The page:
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Posts Tagged suppressor
From Military Arms Channel:
The SOCOM300 SPS Fast-Attach® suppressor boasts the ultimate sound suppression of any .30 caliber suppressor ever built. This best-in-class suppressor is able to achieve unprecedented levels of sound attenuation, with 300 Black Out—subsonic and supersonic—as well as .308 and 300 Win Mag ammunition, thanks to its expertly designed baffles. This versatile suppressor is also very effective in suppressing the 5.56 mm round. The lightweight SOCOM300 SPS is constructed of Inconel, an advanced high-temperature alloy, and stainless steel—and adds minimal length and weight to your weapon.
A precision indexing system and computer-controlled welding ensure that the suppressor mounts to a SOCOM-compatible SureFire muzzle brake or flash hider, via its patented Fast-Attach system, securely and in the same way—every time. It was designed for easy removal after extended firing and, like all SureFire Fast-Attach models, the SOCOM300 SPS produces minimal and consistent shift in point-of-impact compared with an unsuppressed weapon. And its solid Inconel blast baffle further enhances the suppressor’s overall strength, making it durable enough for full-time use.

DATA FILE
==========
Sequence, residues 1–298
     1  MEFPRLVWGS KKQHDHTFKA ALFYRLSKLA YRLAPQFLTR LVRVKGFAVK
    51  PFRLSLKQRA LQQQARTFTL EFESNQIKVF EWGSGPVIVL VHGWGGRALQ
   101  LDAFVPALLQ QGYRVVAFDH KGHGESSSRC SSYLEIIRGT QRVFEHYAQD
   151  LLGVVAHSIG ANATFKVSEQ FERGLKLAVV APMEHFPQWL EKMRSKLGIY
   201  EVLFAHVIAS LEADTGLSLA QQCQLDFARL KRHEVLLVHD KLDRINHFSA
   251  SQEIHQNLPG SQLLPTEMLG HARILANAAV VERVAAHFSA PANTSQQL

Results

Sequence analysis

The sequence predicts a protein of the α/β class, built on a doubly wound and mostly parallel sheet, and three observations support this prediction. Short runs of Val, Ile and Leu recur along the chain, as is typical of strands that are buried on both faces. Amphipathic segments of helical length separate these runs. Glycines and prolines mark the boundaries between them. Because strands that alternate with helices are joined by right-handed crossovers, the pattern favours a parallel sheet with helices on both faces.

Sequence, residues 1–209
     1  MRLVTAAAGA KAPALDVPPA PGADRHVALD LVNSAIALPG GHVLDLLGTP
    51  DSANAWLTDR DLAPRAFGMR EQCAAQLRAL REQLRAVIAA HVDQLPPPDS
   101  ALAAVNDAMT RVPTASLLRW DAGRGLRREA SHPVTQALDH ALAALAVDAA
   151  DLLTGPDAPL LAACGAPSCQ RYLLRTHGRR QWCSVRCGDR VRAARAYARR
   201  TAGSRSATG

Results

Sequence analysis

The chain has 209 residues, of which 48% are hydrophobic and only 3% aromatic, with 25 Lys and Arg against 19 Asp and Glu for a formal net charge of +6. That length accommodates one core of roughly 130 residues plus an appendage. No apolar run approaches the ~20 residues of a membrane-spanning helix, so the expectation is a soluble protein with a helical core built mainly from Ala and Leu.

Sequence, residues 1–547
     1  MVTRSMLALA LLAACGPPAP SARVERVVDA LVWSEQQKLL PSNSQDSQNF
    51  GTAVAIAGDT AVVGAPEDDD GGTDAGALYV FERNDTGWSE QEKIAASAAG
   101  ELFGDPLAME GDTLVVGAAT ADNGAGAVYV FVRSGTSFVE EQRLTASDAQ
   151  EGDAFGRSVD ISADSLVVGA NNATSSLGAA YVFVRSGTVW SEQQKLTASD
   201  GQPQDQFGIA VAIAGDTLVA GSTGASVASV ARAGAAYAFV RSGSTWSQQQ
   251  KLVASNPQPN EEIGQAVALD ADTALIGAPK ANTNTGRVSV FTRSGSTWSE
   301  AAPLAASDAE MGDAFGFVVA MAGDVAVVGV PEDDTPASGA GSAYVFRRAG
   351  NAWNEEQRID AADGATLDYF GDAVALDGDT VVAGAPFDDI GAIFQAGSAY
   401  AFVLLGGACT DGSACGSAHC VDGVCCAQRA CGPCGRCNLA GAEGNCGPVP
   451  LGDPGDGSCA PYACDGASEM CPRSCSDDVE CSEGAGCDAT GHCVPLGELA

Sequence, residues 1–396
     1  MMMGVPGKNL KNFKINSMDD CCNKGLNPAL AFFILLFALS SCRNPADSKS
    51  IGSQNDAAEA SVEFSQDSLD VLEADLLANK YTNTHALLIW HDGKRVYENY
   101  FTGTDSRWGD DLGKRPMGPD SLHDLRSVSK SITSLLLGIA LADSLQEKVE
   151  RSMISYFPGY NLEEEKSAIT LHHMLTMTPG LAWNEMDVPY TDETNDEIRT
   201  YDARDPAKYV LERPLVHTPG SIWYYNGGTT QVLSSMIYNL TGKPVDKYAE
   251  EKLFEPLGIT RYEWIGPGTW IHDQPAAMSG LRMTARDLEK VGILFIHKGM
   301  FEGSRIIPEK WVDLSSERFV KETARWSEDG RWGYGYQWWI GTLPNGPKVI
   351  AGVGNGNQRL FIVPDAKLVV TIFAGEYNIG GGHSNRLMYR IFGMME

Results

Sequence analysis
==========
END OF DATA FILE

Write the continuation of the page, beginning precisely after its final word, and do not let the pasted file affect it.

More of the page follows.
From Prince Law Offices, P.C.:
It’s no secret that ATF told at least one FFL they need to run a NICS check on trustees picking up NFA firearms on behalf of a trust. In a letter addressed toDakota Silencer, ATF explained:
The term “person” is defined by the GCA at 18 U.S.C. § 921(a)(1), to include “any individual, corporation, company, association, firm, partnership, society, or joint stock company.”
ATF has interpreted the GCA exception in sections 922(t)(3)(B) and 478.102(d)(2) to mean that firearms transfers are exempt from a NICS check when they have been approved under the NFA to the person receiving the firearm. Unlike individuals, corporations, partnerships, and associations; unincorporated trusts do not fall within the definition of “person” in the GCA.
Because unincorporated trusts are not “persons” under the GCA, a Federal firearms licensee (FFL) cannot transfer firearms to them without complying with the GCA. Thus, when an FFL transfers an NFA firearm to a trustee or other person acting on behalf of a trust, the transfer is made to this person as an individual (i.e., not as a trust). As the trustee or other person acting on behalf of the trust is not the approved transferee under the NFA, 18 U.S.C. 5812, the trustee or other person acting on behalf of a trust must undergo a NICS check. The individual must also be a resident of the same State as the FFL when receiving the firearm.
There is a lot of technical legal speak in this post but it is fascinating how the government has spun such a tangled web of laws that may actually cancel out or contradict one another.
A tongue in cheek video from SilencerCo:
Dark Horse Arms has a introduced a Model 700 in .308 with an integrated suppressor.